The remains of the cupcakes we sent my parents. Mum sent this photo back with the box positioned in front of some photos of us. 

I also need to consider my own parents in all of this. They’re now in their mid-70’s and considered “elderly”, although they’re in denial and it doesn’t make much sense to me either. Not that I’m one to throw stones. I’m  grappling to get my head around 40 and last year I turned 50 and it’s getting harder and harder to keep treating these milestone birthdays as another 21st!! We did manage to leave a box of home-made cupcakes on their doorstep through the week, when Geoff was down in Sydney for work. They did us all a world of good. Mum rang up sounding much more animated and that physical expression of love meant a lot.

Meanwhile, I’m trying to connect with our teenage daughter. I’m hoping the chocolate caramel slice might work. She’s been spending lock down in her room chatting with friends, and taking the dogs for an extended daily walk. That said, I am getting a lot of writing done. So, there’s a lot to be said for independence.

Zac at the beach

Of course, the absolute winners of this coronacrisis in our family are the dogs. They not only have four ball and stick throwers at home, they’ve also been going for extended walks. They’re grinning from ear to ear just as long as it’s not their turn to be left behind!!!

Are you currently cut off from your grandchildren? Or, perhaps your kids are being separated from their grandparents? How are you keeping in touch? I’m thinking of you and would love to hear from you in the comments below.

Best wishes,

Rowena

The Odd Couple: Friday Fictioneers – 4th September, 2019.

They called themselves the odd couple. Yet, ignoring all the warning signs, Katherine fell madly in love with Pete, a self-confessed slob, while she was Queensland’s Lacquer Queen not a hair out of place.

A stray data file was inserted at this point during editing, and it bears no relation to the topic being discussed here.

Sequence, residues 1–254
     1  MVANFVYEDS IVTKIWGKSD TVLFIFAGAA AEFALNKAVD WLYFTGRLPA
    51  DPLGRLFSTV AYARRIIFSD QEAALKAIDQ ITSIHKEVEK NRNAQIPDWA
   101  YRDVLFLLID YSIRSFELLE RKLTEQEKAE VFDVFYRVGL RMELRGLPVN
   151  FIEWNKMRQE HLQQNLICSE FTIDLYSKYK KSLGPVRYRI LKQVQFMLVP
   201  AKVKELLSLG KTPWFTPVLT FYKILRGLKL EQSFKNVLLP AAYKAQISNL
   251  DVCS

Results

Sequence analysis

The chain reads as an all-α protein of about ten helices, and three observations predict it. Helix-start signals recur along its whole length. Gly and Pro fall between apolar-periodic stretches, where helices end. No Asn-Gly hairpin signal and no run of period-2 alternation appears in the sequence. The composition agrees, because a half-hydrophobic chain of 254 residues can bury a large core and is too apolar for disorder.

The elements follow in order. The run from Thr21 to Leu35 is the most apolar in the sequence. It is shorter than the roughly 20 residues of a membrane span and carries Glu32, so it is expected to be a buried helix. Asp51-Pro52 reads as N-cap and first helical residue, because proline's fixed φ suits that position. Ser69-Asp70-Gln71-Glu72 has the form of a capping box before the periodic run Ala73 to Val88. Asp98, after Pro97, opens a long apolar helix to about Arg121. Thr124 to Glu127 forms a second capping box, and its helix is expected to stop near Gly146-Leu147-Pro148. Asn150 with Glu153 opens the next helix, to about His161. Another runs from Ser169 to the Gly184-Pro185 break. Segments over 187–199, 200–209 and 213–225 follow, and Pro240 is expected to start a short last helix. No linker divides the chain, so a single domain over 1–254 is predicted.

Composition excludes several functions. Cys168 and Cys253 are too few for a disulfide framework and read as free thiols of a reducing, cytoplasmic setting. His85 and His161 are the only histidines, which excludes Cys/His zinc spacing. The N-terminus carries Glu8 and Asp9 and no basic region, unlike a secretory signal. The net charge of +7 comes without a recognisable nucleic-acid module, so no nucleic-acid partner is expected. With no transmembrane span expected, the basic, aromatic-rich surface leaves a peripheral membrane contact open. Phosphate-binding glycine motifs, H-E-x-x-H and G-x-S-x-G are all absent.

It wasn’t just that his tie was crooked. None of his books were straight either. Some were tipsy and leaning over ever so slightly, while others were drop dead drunk.

In a jiffy, she’d automatically straightened the books while he was cooking dinner, but didn’t know what to do with his feral pot plant. So, she threw it out. Unbothered, Pete just thought he’d got lucky.

……

100 words

PHOTO PROMPT © Penny Gadd This has been another contribution to Friday Fictioneers hosted by Rochelle Wishoff-Fields. Every week we write 100 words to a photo prompt.

Best wishes,

Rowena

Ghosts on the Run…Friday Fictioneers 7th June, 2019.

When the Ledoux Family rented out their home in Antibes, they had no idea a couple of famous ghosts would move in along with their heads.

Louis and Marie-Antoinette had evacuated Notre Dame toute de Suite after accidentally sparking the fire which almost turned their beloved Lady into a pile of ash.

Of course, it wasn’t Versailles. However, they loved the beach and their new found freedom. Louis could barely keep his hands off his beloved Queen in her alluring bikini, although didn’t like wearing budgie smugglers* at all!

“Mon Cherie, nobody would ever think to look for us here.”

…..

Don’t ask me where the inspiration for my take on today’s prompt came from, except to say that I was quite taken by the stairs at the front and floating to the top. Stairs like that are not kind to me. By the way, Budgie smugglers is an Australian slang term for men’s tight-fitting Speedo-style swimwear and the term received a lot of press thanks to our former Prime Minister Tony Abbott who was often photographed wearing them. He is a volunteer lifesaver.

This has been another contribution to Friday Fictioneers hosted by Rochelle Wishoff Fields. This week’s prompt was provided by C.E. Ayr. Thanks, C.E.

We’d love you to join us. Every week, Rochelle posts a photo prompt and we respond in 100 words or less and I’ve been quite amazed at what we’ve been able to accomplish in so few words. Makes me ponder the need for the novel.

Best wishes,

Rowena

The Perfect Crime…Friday Fictioneers.

As the plane touched down at Sydney Airport, Jamilah knew she was safe and they’d never find her working at Macca’s Woy Woy, wishing the world a “nice day”.

Quiet and unassuming, Jamilah passed right under the radar, barely the shadow of a shadow.

Then, she met Jerome.

Of course, she’d never planned to fall so deeply in love, fusing into one exulted flesh. Giving herself to someone so entirely, that she disappeared, engulfed by the flames.

It wasn’t her fault, or was it? That he got caught in the flames and burned. Yet, now she was a wanted woman.

…..

100 Words.